A Little Goes a Long Way

I was reflecting on some of the ways people have shared feedback or opinions throughout my years in ministry. I’ve long believed that, “If you don’t stick your neck out during the meeting, you shouldn’t stick your tongue out afterward,” advice that I heard at a student council convention in high school.

However, just how we stick our neck out can make a big difference in how what we are saying is received. As so many of us heard growing up, but often don’t abide by as an adult, “It’s not just what we say, but how we say it.”

The thing I’ve been thinking about on and off is how we have gotten to where we are in our culture today. This is largely because of the sociologist in me. But especially because we have gotten so used to criticizing people we don’t have a relationship with (legislatures, media personnel, actors, athletes, etc.), it seems we have lost a certain sense of tactfulness and respect in how we interact with people we do have a relationship with, but with whom we don’t agree.

For example, even when it comes to something simple like asking a question about why your church or school district or health clinic does what they do. Sure, you could fire away an email laying out all your questions. Or, you could start your email by saying something you have appreciated or that you recognize all the hard work that is being put in. Then, you could say, “There are a few things I’ve been wondering about…” and go from there.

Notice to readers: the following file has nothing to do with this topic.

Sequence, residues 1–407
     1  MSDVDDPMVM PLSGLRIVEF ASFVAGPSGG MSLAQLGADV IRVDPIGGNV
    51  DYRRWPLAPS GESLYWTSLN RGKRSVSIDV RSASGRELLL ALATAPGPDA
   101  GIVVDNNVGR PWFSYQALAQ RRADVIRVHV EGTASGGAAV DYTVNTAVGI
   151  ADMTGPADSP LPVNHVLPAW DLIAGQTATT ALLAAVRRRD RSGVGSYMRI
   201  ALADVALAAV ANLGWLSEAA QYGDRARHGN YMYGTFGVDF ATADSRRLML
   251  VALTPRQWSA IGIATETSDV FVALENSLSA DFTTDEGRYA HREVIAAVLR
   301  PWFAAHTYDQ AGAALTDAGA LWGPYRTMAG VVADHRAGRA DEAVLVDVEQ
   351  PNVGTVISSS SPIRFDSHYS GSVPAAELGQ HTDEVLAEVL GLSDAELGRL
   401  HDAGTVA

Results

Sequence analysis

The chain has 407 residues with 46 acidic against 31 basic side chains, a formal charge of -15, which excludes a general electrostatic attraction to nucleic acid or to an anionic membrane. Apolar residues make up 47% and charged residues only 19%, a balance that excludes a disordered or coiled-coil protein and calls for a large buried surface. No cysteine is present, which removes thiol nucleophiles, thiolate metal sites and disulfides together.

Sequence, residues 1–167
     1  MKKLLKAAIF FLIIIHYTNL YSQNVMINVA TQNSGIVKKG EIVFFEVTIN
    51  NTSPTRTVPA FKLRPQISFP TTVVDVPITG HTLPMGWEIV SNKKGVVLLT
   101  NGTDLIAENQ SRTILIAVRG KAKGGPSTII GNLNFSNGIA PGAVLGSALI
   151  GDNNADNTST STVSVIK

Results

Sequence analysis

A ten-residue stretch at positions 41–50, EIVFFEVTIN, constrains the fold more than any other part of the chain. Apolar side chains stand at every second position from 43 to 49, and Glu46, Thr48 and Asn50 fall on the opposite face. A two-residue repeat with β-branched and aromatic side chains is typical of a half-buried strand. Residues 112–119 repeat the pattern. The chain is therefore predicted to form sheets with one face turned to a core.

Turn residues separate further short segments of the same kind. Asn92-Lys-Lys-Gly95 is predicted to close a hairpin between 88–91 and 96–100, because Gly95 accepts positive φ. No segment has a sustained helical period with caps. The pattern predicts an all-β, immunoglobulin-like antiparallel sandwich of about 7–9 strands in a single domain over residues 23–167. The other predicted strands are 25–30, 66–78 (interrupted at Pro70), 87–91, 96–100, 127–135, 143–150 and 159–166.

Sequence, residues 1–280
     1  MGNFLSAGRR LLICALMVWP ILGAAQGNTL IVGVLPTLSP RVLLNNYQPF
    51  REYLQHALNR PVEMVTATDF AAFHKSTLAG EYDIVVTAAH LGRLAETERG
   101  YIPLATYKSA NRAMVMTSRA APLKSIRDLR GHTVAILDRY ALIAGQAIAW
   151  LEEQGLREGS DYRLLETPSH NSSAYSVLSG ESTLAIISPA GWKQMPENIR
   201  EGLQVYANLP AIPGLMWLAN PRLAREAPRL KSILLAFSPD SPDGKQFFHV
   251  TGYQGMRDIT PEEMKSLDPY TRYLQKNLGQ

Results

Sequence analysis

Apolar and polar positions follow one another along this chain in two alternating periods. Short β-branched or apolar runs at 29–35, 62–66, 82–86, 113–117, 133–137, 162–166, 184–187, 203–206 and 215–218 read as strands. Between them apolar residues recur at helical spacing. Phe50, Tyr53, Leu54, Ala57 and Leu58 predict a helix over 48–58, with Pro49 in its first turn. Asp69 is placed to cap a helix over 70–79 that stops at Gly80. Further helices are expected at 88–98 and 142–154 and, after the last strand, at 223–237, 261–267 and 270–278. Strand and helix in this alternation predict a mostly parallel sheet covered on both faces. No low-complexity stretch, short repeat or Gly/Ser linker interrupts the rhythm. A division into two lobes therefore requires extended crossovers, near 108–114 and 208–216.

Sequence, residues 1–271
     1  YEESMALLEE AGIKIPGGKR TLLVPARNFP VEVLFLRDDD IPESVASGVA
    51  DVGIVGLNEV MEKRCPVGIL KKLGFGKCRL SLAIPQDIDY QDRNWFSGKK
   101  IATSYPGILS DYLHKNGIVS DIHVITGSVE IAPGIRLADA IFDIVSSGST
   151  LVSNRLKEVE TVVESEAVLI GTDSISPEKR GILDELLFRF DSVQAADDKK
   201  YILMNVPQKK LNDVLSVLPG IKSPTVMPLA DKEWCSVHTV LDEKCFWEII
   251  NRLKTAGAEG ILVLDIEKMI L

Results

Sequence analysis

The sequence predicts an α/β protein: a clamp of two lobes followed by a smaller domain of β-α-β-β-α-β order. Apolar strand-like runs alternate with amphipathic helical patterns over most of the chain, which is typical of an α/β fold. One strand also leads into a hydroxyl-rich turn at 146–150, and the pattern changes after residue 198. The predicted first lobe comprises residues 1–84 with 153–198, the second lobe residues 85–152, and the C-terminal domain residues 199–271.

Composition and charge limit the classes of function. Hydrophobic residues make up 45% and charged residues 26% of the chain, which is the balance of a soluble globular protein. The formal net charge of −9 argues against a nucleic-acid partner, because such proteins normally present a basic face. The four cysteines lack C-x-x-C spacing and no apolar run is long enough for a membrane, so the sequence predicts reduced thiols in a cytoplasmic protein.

I don’t always get it right myself, but I do try to remember the “sandwich method” of giving feedback that I was taught in school: Say something positive, then give your constructive criticism, then end with something positive or that you appreciate again. That may seem a little “too Minnesota nice” to some people, but when we make an effort to remember that the person is a human being, just like us, trying to do his or her best, it might make us approach things differently. And as is often the case, taking a few extra moments to be kind to whoever we are talking to can go a long way.

What I’ve realized is that when I focus on finding something good or something to be grateful rather than only on the bad, whether I am sharing feedback or not– when I remember to say a prayer of blessing for someone who is bothering me instead of focusing on why I’m annoyed– it opens up space within me to feel more patient, gracious, and compassionate. When that happens, it helps me feel better about the other person. It also helps me feel more at peace, with myself and the world around me.